HL Deb 04 July 1967 vol 284 cc497-500

2.59 p.m.

Order of the Day for the House to be put into Committee read.

Moved, That the House do now resolve itself into Committee.—(Lord Shepherd.)

On Question, Motion agreed to.

House in Committee accordingly.

[The EARL OF LISTOWEL in the Chair.]

Clauses 1 and 2 agreed to.

LORD NUGENT OF GUILDFORD moved, after Clause 2, to insert the following new clause:

Power to require fixing of reflecting material to container skips etc. deposited on highway .The Minister of Transport may make regulations requiring the fixing of strips of reflecting material to container skips and other similar objects deposited on the highway.

The noble Lord said: I beg to move the new clause standing in my name on the Marshalled List. Related to it is the Amendment to the Long Title. The objective of the new clause is a very simple one: it is to extend the Minister of Transport's powers under the Bill to making regulations for requiring builder's container skips, or rubbish bins, as they are sometimes called, to carry strips of reflective material in order to make them easily seen by persons using the street. The builder's skip is a large metal container about four feet high and four or five feet square, which is carried on the back of a specialised builder's lorry. It can be dropped in the street outside the house where the builder is working, and all the rubbish that comes out of the house during the course of the building work is then shot straight into the skip. When the work is finished the builder's lorry comes along, picks up the skip full of rubbish on the back of the lorry and takes it away for disposal.

From the builder's point of view, obviously this is a welcome innovation; it saves him a great deal of work. The result is that there are now hundreds of these skips in use in London, and I daresay in other towns as well. They are to be seen in the streets of London and elsewhere in increasing numbers. Sometimes at night the builders hang a red lamp on one or other corner of these skips, but more often than not no light is hung on at all. They are extremely dangerous standing on the highway without any lights, and it is quite easy for a vehicle to collide with them.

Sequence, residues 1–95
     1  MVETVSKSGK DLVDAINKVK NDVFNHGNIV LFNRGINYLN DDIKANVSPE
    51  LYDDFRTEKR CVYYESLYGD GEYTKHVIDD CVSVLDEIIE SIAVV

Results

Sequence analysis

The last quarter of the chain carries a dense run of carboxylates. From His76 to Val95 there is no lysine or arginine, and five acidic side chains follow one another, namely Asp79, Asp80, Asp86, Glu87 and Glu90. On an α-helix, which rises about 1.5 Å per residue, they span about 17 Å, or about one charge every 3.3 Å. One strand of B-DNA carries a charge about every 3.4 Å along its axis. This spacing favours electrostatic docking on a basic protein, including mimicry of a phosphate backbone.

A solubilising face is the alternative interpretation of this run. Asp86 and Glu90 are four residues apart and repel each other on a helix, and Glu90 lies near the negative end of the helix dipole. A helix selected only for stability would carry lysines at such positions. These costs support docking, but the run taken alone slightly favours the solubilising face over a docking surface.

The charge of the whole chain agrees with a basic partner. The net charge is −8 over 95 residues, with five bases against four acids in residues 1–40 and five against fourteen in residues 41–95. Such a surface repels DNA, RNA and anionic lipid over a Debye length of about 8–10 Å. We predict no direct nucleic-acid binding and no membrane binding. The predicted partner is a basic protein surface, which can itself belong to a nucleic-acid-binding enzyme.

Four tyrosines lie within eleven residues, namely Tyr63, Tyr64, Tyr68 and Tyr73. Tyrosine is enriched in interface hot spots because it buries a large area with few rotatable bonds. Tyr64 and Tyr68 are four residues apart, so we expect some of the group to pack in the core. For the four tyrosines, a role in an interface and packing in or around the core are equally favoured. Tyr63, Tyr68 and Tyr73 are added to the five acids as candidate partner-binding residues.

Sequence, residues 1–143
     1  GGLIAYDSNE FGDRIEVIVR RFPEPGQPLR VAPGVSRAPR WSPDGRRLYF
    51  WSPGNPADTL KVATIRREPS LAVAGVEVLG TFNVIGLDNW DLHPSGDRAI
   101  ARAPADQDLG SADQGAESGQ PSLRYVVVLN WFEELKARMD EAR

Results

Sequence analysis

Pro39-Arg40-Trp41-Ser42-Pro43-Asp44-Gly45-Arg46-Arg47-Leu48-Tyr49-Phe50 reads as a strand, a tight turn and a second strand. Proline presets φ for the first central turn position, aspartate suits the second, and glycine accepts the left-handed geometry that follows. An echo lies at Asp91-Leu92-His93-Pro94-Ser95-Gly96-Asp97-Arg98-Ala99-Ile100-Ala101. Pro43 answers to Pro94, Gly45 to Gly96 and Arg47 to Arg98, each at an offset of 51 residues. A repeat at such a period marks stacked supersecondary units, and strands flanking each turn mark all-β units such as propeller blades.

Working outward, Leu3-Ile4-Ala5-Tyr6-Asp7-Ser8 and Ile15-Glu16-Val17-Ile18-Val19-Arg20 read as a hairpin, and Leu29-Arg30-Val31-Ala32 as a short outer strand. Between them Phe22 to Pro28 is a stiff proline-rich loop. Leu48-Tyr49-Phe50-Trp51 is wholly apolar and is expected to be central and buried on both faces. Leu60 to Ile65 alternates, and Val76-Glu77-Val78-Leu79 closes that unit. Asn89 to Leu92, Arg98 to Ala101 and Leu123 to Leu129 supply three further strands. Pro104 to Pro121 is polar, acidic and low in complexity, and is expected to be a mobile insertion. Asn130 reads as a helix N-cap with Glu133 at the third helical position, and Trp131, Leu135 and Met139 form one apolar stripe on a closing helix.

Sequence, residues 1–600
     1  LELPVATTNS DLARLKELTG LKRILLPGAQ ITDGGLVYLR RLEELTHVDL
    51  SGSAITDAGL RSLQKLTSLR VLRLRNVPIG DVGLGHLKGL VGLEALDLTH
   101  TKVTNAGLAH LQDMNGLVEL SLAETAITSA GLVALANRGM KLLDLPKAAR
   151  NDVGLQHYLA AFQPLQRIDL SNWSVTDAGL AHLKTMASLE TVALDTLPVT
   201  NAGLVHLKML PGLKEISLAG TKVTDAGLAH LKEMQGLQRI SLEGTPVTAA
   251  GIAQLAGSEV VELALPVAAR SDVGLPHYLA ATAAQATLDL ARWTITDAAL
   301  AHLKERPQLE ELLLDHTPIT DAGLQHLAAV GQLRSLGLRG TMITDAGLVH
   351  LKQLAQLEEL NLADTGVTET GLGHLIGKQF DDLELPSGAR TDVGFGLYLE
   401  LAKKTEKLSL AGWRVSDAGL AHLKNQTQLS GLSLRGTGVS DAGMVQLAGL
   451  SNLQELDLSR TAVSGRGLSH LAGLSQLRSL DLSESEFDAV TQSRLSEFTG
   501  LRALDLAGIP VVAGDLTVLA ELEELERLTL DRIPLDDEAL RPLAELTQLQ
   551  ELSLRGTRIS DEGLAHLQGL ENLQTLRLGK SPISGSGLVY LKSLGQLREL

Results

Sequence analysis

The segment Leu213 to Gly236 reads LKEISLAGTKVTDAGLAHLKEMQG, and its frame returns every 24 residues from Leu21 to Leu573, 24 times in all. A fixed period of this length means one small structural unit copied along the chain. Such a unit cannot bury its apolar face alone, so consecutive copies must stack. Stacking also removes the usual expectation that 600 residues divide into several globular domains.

Obviously these objects standing in the street are dangerous, and the effect of my Amendment would be that the Minister, in addition to the other powers that this Bill gives her, would have power to require strips of reflective material to be fixed to these containers, or indeed to any other similar objects which were stood in the street. This would make it much more certain that they could be seen than relying on a red lamp being hung on them at night. This is often forgotten. My new clause would simply allow the Minister to make such regulations. I feel that this is a small but practical point. I know that there are certain difficulties which I daresay the noble Lord, Lord Shepherd, will tell us about; but I hope he will at least admit that this is something which needs dealing with. I beg to move.

Amendment moved— After Clause 2 insert the said new clause.—(Lord Nugent of Guildford.)


As the noble Lord, Lord Nugent of Guildford, knows, being a motorist, I have a great deal of sympathy with his Amendment, because these skips could clearly be a hazard and in some cases dangerous. Quite honestly, I wish I could accept the Amendment, but I am in this difficulty. The Bill that is now before the Committee seeks to amend the Road Transport Lighting Act 1957 which deals solely with vehicles. A skip is not a vehicle, and it is questionable therefore whether we should include in this class of legislation provisions dealing with other objects which are not vehicles.